Within Slottsparken is Princess Ingrid Alexandra’s Sculpture Park, which was opened in 2016. The sculptures designs where created by children from different regions of Norway and were made by professional artists. They are meant to be touched and are fun for kids to climb on and take photos with.

Royal Palace (Det Kongelige Slott) is one of Norway’s most important buildings. It is a symbol for Norwegian history since 1814 and the residence of the King and Queen.  King Carl Johan ordered from construction of this neoclassical building in 1824, but didn’t move in until 1849. It is located at the top of Karl Johans gate, which leads right into the centre of Oslo.

The Royal Palace offers guided tours during the summer season. However if you don’t speak Norwegian just be aware that there are only fours English tour times available daily. We decided not to do the tour since the first one started at 12 noon and we didn’t want to stick around for it.  The tickets also have to be purchased online or you can try to get any leftover tickets just before tours start. Besides that you can also see the Changing of the guards everyday at 1:30 or attend the service in the Palace Chapel on Sundays at 11am. We did see a guard change that morning but perhaps the 1:30 time is a longer ordeal.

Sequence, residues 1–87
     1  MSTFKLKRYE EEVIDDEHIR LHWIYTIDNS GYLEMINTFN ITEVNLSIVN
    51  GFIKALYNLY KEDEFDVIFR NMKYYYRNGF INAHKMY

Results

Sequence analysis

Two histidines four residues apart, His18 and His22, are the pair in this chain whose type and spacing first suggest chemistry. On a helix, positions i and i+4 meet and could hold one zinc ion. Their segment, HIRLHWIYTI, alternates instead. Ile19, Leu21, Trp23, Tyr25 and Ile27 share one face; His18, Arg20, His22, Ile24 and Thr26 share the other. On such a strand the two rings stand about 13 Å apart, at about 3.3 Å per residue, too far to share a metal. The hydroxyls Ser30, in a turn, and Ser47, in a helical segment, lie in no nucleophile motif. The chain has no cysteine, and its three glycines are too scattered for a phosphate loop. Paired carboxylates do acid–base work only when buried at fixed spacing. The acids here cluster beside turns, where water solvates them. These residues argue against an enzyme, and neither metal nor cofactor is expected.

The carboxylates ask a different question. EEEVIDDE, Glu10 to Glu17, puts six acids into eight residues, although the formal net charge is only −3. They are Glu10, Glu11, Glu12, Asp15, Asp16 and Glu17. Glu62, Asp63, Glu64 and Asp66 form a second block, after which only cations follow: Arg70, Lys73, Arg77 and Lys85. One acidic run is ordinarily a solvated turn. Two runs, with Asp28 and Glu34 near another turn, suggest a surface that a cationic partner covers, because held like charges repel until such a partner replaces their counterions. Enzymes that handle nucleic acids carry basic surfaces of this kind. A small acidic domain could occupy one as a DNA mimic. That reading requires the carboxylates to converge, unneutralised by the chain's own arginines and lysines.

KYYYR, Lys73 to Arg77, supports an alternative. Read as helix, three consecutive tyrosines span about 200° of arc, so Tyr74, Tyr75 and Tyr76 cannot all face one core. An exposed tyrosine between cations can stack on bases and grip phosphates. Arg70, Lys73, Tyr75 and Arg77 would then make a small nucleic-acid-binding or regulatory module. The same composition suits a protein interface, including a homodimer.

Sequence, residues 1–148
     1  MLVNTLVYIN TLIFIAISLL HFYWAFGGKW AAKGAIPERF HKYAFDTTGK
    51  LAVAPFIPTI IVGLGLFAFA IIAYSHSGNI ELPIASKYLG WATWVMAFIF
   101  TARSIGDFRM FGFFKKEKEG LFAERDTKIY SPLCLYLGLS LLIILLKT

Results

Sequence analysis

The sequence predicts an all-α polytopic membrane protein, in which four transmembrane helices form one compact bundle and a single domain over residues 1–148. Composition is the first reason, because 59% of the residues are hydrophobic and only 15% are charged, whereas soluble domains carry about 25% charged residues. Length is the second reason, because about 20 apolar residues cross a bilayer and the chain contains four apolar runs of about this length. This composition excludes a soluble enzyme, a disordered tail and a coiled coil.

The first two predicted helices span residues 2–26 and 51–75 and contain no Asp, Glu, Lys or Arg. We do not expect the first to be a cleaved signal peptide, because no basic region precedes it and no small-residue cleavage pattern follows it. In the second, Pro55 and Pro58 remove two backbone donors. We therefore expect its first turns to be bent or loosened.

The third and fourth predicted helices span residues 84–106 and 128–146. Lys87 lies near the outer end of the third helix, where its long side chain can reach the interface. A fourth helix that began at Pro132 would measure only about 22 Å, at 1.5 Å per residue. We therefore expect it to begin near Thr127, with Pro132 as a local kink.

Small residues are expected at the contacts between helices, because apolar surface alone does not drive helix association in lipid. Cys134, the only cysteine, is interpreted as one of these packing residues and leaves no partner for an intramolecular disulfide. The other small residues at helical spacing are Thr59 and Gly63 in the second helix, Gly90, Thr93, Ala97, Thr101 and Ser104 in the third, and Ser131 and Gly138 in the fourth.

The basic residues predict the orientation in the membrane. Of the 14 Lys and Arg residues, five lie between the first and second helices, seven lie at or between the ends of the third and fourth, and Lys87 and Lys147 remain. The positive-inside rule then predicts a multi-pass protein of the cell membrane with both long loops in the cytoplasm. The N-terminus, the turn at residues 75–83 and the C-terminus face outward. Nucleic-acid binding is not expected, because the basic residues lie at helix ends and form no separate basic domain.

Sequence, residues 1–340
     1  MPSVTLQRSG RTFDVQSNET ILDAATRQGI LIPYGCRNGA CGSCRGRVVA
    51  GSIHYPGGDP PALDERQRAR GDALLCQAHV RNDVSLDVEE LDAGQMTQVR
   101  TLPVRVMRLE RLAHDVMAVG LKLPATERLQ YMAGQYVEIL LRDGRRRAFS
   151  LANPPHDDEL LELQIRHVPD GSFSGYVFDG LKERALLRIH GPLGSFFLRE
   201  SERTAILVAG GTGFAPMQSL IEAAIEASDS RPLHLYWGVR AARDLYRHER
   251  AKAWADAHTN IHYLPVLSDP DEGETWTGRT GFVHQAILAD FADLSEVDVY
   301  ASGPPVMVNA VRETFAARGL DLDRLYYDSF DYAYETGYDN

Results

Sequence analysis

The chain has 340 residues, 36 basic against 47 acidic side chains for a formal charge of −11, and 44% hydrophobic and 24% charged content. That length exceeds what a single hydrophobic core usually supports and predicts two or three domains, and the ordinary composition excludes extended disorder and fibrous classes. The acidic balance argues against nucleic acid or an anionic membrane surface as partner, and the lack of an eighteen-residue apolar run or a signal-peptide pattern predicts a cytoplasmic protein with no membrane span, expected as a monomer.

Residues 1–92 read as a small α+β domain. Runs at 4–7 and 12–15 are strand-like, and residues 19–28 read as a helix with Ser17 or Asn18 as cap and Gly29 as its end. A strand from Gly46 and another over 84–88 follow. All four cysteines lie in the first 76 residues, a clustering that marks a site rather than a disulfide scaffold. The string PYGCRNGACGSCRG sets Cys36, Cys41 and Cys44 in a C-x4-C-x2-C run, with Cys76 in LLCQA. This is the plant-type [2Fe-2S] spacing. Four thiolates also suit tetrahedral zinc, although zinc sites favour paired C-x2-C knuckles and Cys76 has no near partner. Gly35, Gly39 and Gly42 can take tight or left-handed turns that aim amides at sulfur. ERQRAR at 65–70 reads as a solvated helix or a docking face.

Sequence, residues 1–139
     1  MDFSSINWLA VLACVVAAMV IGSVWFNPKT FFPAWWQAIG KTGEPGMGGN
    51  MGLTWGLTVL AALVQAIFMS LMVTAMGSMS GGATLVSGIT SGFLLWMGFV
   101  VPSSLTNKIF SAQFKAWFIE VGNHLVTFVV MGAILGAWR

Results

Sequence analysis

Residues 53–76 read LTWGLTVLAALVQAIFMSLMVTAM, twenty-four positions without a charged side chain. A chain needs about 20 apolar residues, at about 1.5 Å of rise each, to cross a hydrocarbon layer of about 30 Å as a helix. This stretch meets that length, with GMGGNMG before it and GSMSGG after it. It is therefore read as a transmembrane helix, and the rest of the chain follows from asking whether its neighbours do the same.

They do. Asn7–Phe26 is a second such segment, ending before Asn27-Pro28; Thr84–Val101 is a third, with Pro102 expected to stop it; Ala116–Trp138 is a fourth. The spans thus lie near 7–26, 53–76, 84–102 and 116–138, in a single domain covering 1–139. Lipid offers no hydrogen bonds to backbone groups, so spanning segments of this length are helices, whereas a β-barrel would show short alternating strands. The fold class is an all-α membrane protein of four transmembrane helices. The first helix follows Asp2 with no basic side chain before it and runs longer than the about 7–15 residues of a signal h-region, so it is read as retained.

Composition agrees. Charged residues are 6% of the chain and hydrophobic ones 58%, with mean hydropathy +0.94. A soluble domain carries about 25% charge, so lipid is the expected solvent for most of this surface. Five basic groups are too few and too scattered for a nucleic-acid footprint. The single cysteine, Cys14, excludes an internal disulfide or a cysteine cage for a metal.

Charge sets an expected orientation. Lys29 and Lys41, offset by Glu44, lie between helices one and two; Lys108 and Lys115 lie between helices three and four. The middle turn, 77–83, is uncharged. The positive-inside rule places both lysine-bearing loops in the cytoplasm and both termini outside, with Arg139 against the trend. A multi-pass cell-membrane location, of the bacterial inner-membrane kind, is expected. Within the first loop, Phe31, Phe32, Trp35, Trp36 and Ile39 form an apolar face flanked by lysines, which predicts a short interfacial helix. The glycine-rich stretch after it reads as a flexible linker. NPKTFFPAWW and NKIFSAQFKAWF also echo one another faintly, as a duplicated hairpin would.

From the Royal Castle we took Karl Johan gate (road) and walked through Studenterlunden park, where we saw the Nationaltheatret and Norwegian Parliament. There as alot going on in the park this day. There were at least fifty children doing different preset activities. Across from the park there are plenty of shops and cafes, which continue along Karl Johan gate to the centre of the city.

Oslo City Hall

From the Studenterlunden park we walked south to the Oslo City hall (Rådhuset). This imposing brick building, houses Oslo’s city council, city administration and various other municipal organisations. So you may wonder why I would want to visit it. Well it has some of the most amazing artwork inside. It is completely built of Norwegian materials and features an art collection of Norwegian artists. , such as Per Krohg, Henrik Sørensen, Alf Rolfsen, Dagfin Werenskiold and Edvard Munch. There are guided tours all year around and free summer guided tours. You can wonder around for free as well, which is what we did.

First though I have to show you the Wooden friezes artworks in the courtyard. I didn’t photograph all of them, but the majority on the left side of the building. These were done by the painter and sculpture Dagfin Werenskiold. These motifs are made using the Old Nordic Tradition and depict Norse mythology. Some other interesting features on this side of the exterior include the bronze relief over the entrance and the Oslopike (“Oslo girl”) high up on the wall by  Joseph Grimeland; the Swan fountain is by Dyre Vaa and gold Astronomical clock by Nils Flakstad.